Encyclopedia of Jazz Musicians
Electric bassist Marcus Miller's warm and vibrant tone creates a bridge from the fusion styles of the 1970s to a more contemporary sound. Rooted in rhythm 'n' blues and the approach of Jaco Pastorius, Miller developed his own signature techniques for slapping, picking and plucking the bass, which can be heard on popular recordings by artists such as Luther Vandross and Grover Washington Jr., and in the late bands of trumpeter Miles Davis.
Marcus Miller was born on June 14th, 1959 in Brooklyn, New York. He grew up in a musical family, and counted pianist Wynton Kelly as a cousin. Miller's father was a pianist and an organist. Miller started playing the recorder when he was eight years old and followed with the clarinet when he was ten. Miller attended the LaGuardia High School of Music and Art in Manhattan.
As a teenager, Miller played electric bass with the rhythm 'n' blues group Harlem River Drive and followed up this experience with flutist Bobby Humphrey in 1977. He played with drummer Lenny White before joining the house band for the Saturday Night Live television show in 1979, then trumpeter Miles Davis's group in 1980.
Even as he worked professionally as a bassist, Miller pursued a degree in music and business at Queens College in Flushing, New York, where he also played in the school's student jazz ensemble. As his career grew, however, he eventually set aside his pursuit of a college degree.
Miller can be heard on several of the Miles Davis's albums after the trumpeter returned from a six-year hiatus in the early eighties. Released in 1981, The Man With the Horn featured Miller on all of tracks. On "Fat Time,":Miller provides a solid bass foundation, popping along with Al Foster's funk-inspired drum beat. On the album's title track, Miller draws on his roots in rhythm 'n' blues by laying down a smooth groove that complements Robert Irving III's arrangment with both sensuality and precision.
Miller performed with Davis through 1982 and is also heard on the trumpeter's live album We Want Miles. Songs of interest from this release include "Jean-Pierre."
The early 1980s also marked a time when Miller became an in-demand session musician. Miller is heard playing bass on saxophonist Grover Washington Jr.'s hit "Just The Two of Us," as well as the song "Let It Flow."
Among the dozens of recording artists Miller backed during this period saxophonist David Sanborn, with whom he first worked with in 1977, pianist McCoy Tyner and vocalist Luther Vandross. Miller's tenure with Vandross lasted from 1983 until the singer's death from a heart attack in 2005. Miller won a Grammy for his work on the 1991 album The Power of Love. Miller started a funk band called the Jamaica Boys in 1986, which also included drummer Lenny White. The group released several albums up until 1990.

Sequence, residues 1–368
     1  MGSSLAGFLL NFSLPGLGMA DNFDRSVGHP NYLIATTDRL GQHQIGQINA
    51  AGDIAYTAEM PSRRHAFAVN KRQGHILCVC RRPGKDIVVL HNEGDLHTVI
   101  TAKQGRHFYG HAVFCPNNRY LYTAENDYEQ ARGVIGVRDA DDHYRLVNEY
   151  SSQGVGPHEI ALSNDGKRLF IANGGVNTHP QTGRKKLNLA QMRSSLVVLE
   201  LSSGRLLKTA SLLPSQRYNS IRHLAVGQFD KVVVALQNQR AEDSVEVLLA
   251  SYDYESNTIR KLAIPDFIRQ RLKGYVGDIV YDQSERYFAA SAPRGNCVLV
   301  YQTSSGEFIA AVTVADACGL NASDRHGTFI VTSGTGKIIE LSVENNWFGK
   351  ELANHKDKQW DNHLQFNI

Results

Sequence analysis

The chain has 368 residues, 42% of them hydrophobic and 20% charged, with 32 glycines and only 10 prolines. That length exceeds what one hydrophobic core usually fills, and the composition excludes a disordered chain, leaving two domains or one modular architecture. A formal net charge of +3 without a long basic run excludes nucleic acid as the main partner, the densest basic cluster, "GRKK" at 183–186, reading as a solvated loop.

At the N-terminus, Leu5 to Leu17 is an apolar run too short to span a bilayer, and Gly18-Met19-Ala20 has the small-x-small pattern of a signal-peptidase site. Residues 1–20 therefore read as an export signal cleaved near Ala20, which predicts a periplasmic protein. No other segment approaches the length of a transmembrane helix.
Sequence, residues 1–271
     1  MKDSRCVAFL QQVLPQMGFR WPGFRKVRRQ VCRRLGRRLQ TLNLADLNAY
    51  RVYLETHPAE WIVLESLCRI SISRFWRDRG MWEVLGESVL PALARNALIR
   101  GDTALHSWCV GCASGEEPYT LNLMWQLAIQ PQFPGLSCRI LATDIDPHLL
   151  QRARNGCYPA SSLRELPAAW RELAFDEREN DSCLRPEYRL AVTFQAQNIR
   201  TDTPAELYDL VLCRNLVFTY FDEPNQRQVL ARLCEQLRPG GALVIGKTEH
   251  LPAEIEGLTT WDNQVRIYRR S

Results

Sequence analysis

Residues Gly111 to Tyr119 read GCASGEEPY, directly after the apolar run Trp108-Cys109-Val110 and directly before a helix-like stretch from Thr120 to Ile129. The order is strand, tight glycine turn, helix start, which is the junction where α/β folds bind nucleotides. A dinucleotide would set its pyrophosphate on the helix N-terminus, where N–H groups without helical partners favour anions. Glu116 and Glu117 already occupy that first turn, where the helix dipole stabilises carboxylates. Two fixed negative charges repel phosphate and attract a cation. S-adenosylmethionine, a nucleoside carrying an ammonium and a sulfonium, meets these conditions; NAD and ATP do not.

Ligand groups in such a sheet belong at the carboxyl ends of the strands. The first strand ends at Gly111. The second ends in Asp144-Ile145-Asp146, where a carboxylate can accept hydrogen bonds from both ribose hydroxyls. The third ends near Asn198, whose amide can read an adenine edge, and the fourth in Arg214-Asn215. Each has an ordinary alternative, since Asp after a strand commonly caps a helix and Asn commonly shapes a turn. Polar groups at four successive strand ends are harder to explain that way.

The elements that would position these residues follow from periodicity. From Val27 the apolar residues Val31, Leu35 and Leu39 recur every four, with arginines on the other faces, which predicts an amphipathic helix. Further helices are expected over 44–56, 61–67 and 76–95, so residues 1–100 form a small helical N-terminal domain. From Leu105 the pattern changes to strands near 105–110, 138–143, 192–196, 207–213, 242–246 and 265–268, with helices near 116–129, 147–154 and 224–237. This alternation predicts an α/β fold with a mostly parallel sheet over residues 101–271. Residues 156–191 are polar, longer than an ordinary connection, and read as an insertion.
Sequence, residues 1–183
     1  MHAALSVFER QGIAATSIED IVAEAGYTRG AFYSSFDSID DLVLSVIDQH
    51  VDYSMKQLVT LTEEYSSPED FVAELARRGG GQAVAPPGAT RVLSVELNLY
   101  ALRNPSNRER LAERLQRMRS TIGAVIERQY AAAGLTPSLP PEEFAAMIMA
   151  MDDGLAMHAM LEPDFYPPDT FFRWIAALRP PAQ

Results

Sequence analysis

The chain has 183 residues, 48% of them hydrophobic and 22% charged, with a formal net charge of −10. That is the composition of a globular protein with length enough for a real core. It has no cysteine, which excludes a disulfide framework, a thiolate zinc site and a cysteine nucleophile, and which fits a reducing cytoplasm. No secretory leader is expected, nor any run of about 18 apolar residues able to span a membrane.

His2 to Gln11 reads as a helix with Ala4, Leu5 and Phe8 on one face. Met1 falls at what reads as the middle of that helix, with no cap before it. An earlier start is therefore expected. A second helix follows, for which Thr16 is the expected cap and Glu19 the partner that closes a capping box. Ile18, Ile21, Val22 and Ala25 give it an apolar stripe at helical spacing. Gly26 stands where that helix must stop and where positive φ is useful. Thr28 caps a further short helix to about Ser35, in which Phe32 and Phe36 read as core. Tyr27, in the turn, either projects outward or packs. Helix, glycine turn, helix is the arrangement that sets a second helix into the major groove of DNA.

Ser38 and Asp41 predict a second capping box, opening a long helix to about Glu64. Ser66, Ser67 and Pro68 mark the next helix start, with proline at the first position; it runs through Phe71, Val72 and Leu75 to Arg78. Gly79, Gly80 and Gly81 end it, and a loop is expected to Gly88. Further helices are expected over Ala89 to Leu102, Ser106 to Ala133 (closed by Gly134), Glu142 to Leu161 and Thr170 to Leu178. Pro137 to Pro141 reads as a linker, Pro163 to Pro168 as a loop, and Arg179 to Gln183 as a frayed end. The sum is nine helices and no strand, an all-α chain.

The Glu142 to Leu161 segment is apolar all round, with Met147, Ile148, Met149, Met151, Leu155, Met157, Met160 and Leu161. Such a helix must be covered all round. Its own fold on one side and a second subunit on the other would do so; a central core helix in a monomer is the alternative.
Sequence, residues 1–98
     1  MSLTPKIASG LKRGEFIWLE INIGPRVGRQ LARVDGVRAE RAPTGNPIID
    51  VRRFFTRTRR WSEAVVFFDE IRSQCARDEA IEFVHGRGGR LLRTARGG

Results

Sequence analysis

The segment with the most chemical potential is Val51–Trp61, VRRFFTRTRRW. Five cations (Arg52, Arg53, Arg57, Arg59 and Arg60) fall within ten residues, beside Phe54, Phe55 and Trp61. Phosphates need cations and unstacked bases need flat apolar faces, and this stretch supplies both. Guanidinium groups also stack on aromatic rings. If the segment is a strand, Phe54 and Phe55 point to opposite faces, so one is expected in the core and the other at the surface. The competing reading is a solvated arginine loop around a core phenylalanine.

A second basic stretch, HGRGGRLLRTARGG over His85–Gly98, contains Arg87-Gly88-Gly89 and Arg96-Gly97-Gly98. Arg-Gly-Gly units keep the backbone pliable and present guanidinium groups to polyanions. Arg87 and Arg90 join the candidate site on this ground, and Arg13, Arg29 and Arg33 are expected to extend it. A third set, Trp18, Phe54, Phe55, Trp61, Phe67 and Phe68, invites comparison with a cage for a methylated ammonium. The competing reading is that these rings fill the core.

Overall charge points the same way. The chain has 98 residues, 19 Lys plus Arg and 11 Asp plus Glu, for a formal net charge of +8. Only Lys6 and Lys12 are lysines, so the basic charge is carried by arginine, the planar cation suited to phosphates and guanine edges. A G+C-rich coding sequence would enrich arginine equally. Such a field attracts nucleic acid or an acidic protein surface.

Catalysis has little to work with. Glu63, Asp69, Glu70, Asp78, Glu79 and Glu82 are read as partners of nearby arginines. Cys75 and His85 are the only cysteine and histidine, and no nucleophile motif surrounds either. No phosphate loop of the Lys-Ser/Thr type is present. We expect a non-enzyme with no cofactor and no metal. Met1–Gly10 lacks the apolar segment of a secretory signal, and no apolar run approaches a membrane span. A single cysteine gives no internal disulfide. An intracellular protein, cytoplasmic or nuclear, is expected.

Miller continued to work with Miles Davis during the 1980s, taking on the role of producer after the trumpeter switched from Columbia Records to Warner Brothers. Miller was the producer of Davis's 1986 album Tutu, which reflects the production values of its era. Miller's use of keyboards and strong bass grooves gave this album, like others by Davis in this period, both a funk and a pop feel, but Miller added to this levels of sophisitcation not heard on the previous albums. Other songs of interest from Tutu include "Full Nelson."
Miller and Davis produced the soundtrack for the movie Fiesta in 1987 and he also worked on Davis's 1989 album Amandla, which featured the song "Catembe."
Miller's work as a solo artist began in 1983 with the release of Suddenly, and 1984's Marcus Miller. Both albums can be considered soul or funk, with Miller's signature bass sound are all over these recordings. On Suddenly, Miller does just as much synthesizer programming as actual bass playing, and his adherence to pop-funk is felt on every song with smooth vocal tracks and heavily programmed backing beats.
During the 1990s, Miller began scoring films. He scored a wide range of films ranging from House Party and Eddie Murphy's Boomerang to the Damon Wayans' feature The Great White Hype. During this decade, Miller seemed to abandon jazz altogether. He worked as a producer for the show "Michelob Presents Sunday Night." Miller released his own albums in the 1990s, which include The Sun Don't Lie in 1993 and Tales in 1995.
Since the 2000s, Miller has focused more on his solo reordings, which fall somewhere between light jazz and fusion. A good example of this is his 2005 Koch Records release Silver Rain, which featured the song "Bruce Lee. Many of the cuts off of this album display Miller's versatility on keyboards, bass and programming and defy easy categorization, because of his ability to draw on multiple styles at once.
Miller has also returned to his jazz roots on some albums, including 2001's M2, which won the 2002 Grammy Award for Best Contemporary Jazz Album. In 2008 Miller released Marcus, an album that featured the song "Blast!" Miller was also featured as the bassist on alto saxophonist Tom Scott's Cannonball Adderley tribute album Cannon Re-Loaded and is heard on "Mercy, Mercy, Mercy."
While he started off working in jazz, like many musicians of his generation, Miller began to embrace other styles of music in the 1980s and did so with the same open-minded approach he had applied to jazz. Miller's work as a producer and instrumentalist made key in the late sound of Miles Davis and his contributions to soul and rhythm 'n' blues are known for their character and careful execution.
with Miles Davis
with Miles Davis
The Man With the Horn (Columbia, 1981)
We Want Miles (Columbia, 1982)
Star People (Columbia, 1983)
Tutu (Warner Bros, 1986)
Music from Siesta (Warner Bros, 1987)
Amandla (Warner Bros, 1989)
as Marus Miller
Marcus Miller (1984)
Silver Rain (Koch, 2005)
Marcus (Concord, 2008)
Contributor: Jared Pauley